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What’s the Hardest Language to Learn?


No one can contest that New York City is a very culturally diverse part of the world. Storefront signs, billboards, print ads and media are available in more languages than one can learn in a lifetime. A drugstore in Ridgewood, Queens has a sign with the phrase “We speak” in six languages catering to the multicultural aspect of the zip code: Italian, Spanish, Polish, Russian, Serbian and Romanian. An average monolingual English speaking person could probably recognize the Spanish and Italian because Spanish is a common language learnt in schools and Italian is very similiar.

Fifty years ago in that neighborhood the sign would have included German, and it would have also been easy to understand since German and English are in the same language family. Languages such as these are called mutually intelligible because two speakers from different languages can make sense of what is being said. For example, speakers of Portuguese are able to communicate with speakers of Spanish because of the mutually intelligibility as both are closely related Romance languages.

Likewise, speakers of Swedish and Norwegian and, to some extent, German, can converse with some clarity because they belong to the Germanic languages. Many English words derive from several Germanic and Romance languages, so an English speaker may be able to understand some words but would most definitely understand the writing.

However, if you give the average monolingual speaker of English an attempt at translating a storefront sign in Russian or Chinese they’ll look at you with incredulity. Why is this so? Russian and Chinese belong to two very distinct language groups that don’t follow the Roman alphabet. According to LanguageHelpers.Com “The Russian alphabet consists of 33 letters, 11 vowels, 20 consonants and 2 letters which do not have a sound.” From this alone, the Cyrillic alphabet sounds like the most difficult language to learn by an outsider. Chinese, on the other hand, has eight main dialects, and unlike the separate languages discussed earlier that are mutually intelligible, these separate dialects are mutually unintelligible. Someone from South China that speaks Cantonese will not understand someone from the North that speaks Mandarin, although the latter is considered to be the official dialect of China.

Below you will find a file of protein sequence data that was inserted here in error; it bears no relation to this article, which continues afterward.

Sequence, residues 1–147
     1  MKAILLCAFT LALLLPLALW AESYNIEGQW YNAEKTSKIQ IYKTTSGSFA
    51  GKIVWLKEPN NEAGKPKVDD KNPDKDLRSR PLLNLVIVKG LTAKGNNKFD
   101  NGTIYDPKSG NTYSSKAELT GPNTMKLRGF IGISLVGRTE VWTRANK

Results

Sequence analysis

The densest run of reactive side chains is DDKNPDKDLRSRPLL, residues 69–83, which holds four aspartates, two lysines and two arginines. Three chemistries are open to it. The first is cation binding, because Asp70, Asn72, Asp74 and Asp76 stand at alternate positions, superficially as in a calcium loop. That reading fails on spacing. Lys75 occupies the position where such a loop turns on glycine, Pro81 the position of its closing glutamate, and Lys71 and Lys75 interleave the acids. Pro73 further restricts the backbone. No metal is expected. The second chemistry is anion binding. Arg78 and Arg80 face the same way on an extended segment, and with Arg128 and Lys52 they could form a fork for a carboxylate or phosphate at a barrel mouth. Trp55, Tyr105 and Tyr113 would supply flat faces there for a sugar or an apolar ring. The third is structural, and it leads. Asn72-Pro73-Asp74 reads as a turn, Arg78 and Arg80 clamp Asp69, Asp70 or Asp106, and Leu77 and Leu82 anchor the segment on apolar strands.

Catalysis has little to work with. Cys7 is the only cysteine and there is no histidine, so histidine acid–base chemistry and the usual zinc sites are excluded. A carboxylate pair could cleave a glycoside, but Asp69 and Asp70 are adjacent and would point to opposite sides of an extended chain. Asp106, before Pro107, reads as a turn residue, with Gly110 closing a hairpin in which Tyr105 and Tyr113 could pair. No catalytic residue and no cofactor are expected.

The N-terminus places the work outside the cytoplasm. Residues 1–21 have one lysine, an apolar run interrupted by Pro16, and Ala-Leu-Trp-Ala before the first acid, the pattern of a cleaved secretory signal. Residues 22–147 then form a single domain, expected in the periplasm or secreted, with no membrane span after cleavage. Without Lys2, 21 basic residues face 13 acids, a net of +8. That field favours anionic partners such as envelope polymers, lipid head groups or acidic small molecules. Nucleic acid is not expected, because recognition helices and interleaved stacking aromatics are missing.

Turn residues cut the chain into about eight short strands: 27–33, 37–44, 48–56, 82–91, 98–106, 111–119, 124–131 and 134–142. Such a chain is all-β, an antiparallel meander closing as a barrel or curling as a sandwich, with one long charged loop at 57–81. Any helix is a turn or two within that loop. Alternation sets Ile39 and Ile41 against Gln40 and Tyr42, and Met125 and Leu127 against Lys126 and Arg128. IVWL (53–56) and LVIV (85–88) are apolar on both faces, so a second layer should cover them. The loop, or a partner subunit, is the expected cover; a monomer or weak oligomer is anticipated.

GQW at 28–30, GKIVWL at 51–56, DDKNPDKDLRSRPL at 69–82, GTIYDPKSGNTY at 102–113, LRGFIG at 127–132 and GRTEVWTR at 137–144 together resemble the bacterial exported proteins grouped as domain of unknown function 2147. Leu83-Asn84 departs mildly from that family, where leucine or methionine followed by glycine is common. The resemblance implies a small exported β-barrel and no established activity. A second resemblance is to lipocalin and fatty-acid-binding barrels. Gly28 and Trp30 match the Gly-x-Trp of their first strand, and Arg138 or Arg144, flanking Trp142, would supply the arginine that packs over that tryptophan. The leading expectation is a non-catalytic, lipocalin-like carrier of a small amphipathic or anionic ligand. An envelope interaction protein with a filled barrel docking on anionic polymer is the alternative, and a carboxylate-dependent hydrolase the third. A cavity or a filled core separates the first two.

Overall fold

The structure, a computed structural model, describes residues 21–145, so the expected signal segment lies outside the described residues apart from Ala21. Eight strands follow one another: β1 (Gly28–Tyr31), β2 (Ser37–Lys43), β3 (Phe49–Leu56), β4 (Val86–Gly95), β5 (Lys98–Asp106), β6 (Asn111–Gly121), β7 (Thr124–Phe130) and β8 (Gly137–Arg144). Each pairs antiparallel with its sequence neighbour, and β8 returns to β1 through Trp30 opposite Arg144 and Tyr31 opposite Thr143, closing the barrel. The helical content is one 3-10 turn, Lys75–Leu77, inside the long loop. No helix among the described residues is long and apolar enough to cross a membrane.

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People who emigrate to the U.S. and have difficulty learning English may say that English is the hardest language to learn. Although we have 26 letters in the alphabet with all sounds accounted for, there are still many grammatical rules that other languages do not possess. English is selective about which word to add endings to. We say goat/goats but only use sheep. Ever wonder about that? We also have something called a derivational morpheme.

A morpheme is the smallest unit of meaning in speech sounds. A derivational morpheme is a morpheme that changes the part of speech, whether it be a verb to a noun, adjective to a noun or verb to adjective. Simply put, work is a verb but when you add the ending -er it becomes a noun and thus has an entirely different meaning.

There’s a site where you can share your input about the most difficult language to learn. In the survey, you’re asked to choose from one of the following languages deemed “difficult”: Chinese, Arabic, Russian, Korean, Finnish, Latin, Japanese and German and asked to explain why you think it’s difficult and if you can think of a language that should be included on the list of choices. The survey was first conducted in 2006 and Chinese was concluded to be the most difficult language.

It was agreed that the alphabet was one of thre primary reasons why it was chosen as the most difficult language, but also the tone. Also, consider that each dialect has its own tonal system, so that makes it extra difficult. What do you think is the most difficult language to learn? Feel free to take the survey here.